International Exposome Research Projects

HELIX: The Human Early-Life Exposome

HELIX is a collaborative project funded through the European Commission’s FP7 Exposome Programme which focuses on utilizing novel tools and technologies to understand how early-life environmental exposures impact child health across Europe. Six prospective birth cohort studies contribute to HELIX and those results will ultimately be integrated with data from other European cohorts to estimate health impacts at the population scale. The ultimate goal is to assess how the combination of factors in the chemical, physical and molecular environment during critical early-life periods ultimately leads to health impacts. With this knowledge, major improvements can occur in assessing health risks and therefore lead to improved prevention strategies for vulnerable populations.

EXPOsOMICS

EXPOsOMICS is a collaborative project funded through the European Commission’s FP7 Exposome Programme which focuses on the effects of air pollution and drinking water contaminants during critical periods of life. With the goal of systematically defining the relationship between environmental exposures and health, the project will develop a personal monitoring system to collect data on specific external exposures and then assess biological samples to look for markers of internal exposures. By more accurately defining the relationship between external exposures and profiles of molecular features in specific individuals, a new tool will exist for “next generation exposure assessment” of environmental chemical mixtures that can ultimately help estimate the burden of environmental disease.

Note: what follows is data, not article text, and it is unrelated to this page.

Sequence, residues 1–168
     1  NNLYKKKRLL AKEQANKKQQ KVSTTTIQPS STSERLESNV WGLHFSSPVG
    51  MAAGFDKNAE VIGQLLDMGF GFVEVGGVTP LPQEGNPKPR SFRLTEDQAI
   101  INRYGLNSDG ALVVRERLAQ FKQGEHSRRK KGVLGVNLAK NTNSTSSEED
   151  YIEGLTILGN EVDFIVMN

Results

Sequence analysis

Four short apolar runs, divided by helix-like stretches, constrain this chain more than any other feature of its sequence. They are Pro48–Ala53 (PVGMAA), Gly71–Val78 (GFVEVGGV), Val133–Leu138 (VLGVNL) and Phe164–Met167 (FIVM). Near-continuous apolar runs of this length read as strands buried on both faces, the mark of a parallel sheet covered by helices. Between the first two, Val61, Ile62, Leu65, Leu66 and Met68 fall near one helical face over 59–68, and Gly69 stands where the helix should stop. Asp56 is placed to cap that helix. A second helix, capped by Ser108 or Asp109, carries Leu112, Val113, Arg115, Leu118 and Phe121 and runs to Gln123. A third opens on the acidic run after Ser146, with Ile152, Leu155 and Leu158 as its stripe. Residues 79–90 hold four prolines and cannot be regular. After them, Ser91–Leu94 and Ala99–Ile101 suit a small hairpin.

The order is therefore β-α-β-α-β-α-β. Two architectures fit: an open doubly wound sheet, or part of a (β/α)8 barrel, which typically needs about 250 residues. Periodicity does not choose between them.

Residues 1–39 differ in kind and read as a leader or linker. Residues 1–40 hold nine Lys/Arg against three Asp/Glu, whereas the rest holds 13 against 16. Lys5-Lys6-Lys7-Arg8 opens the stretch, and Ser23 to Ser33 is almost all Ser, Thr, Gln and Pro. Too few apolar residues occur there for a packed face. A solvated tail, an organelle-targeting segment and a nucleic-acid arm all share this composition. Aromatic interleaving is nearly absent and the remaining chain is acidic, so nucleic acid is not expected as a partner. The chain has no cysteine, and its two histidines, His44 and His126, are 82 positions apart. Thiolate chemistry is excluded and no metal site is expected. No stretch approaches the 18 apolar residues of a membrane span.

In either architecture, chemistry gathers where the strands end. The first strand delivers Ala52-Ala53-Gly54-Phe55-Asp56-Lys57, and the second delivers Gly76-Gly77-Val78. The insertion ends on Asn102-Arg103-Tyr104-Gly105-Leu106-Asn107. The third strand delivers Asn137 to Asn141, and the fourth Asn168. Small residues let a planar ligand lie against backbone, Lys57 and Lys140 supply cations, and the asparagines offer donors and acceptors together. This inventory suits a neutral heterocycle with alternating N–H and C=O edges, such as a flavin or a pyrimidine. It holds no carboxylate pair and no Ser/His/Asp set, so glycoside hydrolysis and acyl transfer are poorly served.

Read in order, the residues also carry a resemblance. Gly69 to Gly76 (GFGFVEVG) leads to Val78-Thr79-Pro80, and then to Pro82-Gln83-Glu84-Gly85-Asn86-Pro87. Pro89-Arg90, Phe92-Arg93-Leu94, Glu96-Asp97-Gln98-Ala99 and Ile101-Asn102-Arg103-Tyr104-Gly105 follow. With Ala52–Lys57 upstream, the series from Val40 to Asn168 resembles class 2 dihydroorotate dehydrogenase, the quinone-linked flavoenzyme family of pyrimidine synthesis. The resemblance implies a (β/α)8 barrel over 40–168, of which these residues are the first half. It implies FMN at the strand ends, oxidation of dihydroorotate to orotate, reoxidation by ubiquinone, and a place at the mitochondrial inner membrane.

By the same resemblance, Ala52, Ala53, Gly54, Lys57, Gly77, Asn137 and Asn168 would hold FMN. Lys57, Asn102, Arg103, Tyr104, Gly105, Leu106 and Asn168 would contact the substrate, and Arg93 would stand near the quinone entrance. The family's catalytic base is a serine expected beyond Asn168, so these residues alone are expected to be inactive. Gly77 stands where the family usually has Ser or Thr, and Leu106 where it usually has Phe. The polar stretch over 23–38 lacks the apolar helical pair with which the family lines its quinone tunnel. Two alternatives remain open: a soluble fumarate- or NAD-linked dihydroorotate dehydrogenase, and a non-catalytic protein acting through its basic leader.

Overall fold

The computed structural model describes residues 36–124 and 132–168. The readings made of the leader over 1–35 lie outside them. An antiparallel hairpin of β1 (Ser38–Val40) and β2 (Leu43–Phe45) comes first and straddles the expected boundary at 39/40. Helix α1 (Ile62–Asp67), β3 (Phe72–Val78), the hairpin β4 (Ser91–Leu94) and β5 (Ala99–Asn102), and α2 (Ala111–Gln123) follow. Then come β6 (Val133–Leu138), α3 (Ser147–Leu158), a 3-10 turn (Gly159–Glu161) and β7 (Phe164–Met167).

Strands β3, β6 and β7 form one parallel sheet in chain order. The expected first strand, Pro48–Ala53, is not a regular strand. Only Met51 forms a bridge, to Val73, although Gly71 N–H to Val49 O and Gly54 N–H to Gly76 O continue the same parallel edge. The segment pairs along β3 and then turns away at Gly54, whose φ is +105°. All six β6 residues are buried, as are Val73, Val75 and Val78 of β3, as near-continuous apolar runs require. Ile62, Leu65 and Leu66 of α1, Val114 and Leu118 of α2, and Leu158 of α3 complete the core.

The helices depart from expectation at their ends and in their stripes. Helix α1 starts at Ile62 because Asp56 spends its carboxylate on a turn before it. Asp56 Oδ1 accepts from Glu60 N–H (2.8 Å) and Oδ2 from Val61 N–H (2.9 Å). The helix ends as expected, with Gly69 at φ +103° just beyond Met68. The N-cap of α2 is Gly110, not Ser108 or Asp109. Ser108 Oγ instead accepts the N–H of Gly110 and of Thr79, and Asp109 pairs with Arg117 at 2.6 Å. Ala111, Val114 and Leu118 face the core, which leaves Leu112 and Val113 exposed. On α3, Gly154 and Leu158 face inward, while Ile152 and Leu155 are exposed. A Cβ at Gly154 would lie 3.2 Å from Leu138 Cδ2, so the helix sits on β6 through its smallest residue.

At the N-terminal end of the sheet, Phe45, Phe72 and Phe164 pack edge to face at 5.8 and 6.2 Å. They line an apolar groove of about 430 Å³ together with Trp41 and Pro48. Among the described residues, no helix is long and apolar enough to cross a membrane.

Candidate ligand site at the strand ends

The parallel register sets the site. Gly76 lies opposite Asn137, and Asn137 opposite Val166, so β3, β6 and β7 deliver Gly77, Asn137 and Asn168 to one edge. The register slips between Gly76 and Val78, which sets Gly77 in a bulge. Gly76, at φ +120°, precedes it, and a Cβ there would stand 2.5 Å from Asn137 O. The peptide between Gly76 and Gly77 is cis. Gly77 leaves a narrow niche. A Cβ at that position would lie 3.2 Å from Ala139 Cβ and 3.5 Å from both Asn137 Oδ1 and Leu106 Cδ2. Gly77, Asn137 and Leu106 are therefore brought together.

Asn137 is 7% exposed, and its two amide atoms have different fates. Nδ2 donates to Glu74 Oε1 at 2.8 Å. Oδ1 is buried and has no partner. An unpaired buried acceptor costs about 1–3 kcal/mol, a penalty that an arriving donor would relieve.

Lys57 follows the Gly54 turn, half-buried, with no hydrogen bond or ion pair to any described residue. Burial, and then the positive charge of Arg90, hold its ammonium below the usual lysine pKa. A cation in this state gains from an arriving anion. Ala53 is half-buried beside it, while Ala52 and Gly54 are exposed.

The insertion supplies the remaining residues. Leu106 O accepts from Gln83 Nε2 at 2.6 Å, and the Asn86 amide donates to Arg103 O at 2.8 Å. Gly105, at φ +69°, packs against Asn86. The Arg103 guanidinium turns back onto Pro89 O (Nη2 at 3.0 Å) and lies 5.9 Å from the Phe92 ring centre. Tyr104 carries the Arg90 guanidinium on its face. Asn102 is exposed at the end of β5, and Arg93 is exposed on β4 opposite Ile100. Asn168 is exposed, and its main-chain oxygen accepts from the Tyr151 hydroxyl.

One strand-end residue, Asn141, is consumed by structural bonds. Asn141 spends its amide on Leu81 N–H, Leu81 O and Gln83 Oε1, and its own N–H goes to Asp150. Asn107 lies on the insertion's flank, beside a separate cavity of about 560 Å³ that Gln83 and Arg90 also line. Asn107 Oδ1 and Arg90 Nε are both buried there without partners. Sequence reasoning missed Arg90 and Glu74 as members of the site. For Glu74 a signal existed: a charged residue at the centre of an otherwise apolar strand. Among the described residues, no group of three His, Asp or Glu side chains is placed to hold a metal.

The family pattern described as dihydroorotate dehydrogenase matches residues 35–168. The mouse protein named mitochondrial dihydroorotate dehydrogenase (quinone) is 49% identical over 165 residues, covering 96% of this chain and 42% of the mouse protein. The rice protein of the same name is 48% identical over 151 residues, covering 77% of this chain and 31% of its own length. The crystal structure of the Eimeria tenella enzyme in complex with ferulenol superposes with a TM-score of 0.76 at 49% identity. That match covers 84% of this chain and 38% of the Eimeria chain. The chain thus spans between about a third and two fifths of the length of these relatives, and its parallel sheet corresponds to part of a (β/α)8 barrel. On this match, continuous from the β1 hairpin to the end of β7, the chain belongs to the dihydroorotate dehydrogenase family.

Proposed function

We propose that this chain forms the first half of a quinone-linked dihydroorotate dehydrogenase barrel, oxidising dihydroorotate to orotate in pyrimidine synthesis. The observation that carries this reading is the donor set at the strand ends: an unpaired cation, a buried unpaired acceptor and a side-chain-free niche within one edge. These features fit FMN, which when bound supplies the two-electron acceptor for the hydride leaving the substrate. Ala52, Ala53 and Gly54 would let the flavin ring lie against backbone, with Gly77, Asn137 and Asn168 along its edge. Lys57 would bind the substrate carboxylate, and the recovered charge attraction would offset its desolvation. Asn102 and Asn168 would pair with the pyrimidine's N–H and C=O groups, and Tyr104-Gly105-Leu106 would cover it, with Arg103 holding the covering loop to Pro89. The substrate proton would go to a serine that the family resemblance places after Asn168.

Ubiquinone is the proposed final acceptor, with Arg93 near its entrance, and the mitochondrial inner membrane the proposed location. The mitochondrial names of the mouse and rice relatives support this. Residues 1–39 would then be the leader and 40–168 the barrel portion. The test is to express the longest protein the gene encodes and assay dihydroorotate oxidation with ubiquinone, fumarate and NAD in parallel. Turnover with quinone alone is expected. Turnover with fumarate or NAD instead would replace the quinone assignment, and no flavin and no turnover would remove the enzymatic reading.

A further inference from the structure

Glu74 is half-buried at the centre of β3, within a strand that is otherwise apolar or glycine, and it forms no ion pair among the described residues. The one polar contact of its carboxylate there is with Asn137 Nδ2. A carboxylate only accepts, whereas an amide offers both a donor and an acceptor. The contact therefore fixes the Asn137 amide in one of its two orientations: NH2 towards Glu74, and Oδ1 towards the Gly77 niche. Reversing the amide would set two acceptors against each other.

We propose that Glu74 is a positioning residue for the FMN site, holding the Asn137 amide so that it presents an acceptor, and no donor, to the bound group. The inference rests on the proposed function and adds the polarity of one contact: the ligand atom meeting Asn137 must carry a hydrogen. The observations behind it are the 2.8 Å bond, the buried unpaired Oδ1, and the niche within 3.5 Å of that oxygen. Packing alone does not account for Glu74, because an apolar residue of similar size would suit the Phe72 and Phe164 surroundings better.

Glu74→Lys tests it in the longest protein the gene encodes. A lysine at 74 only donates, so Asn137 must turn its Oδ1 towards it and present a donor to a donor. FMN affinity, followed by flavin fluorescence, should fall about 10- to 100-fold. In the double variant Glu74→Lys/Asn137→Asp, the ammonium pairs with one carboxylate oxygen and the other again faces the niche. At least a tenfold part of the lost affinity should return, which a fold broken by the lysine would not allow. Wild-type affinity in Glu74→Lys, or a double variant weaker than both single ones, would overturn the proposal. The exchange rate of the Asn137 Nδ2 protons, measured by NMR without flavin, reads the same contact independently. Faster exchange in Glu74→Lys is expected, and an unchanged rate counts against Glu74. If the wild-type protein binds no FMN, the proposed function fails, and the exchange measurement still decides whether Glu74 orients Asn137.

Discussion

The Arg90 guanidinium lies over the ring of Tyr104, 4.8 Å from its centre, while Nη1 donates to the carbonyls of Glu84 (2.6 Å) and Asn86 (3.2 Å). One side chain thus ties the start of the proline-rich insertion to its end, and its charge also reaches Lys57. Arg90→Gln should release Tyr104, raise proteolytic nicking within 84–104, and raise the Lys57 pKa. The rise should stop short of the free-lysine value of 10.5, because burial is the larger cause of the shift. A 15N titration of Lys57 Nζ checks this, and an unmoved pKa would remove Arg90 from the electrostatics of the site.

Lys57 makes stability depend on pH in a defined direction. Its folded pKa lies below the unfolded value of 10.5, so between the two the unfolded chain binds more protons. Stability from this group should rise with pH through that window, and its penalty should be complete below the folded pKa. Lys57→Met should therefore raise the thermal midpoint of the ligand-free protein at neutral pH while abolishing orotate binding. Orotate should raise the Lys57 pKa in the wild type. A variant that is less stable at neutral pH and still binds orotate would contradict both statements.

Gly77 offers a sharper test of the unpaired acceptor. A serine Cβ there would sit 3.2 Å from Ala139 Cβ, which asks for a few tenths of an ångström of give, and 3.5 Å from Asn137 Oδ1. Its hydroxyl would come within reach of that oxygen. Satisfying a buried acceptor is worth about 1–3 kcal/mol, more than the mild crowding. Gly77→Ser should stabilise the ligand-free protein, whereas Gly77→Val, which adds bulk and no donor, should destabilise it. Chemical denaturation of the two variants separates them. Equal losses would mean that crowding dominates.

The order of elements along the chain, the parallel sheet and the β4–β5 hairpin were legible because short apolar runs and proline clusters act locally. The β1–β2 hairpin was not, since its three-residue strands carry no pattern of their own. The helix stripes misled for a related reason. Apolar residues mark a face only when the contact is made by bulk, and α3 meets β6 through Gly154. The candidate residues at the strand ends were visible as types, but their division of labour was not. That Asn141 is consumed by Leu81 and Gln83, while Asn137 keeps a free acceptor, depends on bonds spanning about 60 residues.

HEALS: Health and Environment-wide Associations based on Large population Surveys

HEALS is a European Commission funded project focusing on integrating –omics derived data and biochemical biomonitoring with changes that occur in gene expression, protein-protein interactions and metabolic regulation. The project will first analyze data collected in ongoing environmental epidemiologic studies in the EU to assess environmental exposures and human health associations. After identifying these associations, pilot studies will be designed to assess specific biomarkers of exposure, effects and individual susceptibility.

HERCULES: Health and Exposome Research Center

HERCULES is a project funded by the National Institute of Environmental Health Sciences under their Environmental Health Sciences P30 Core Centers funding mechanism. Through the collaborative efforts of investigators at Emory University and Georgia Tech, HERCULES aims to use exposome-related approaches to improve human health. The Center provides key infrastructure and expertise to develop and refine new tools and technologies to generate exposure data, improve metabolomics approaches and synthesize data into comprehensive computational models. Although there is a strong emphasis placed on advancing exposome-related approaches, the Center also strives to enhance and expand existing relationships with community partners to facilitate communication about the importance of environmental factors in disease using exposome principles.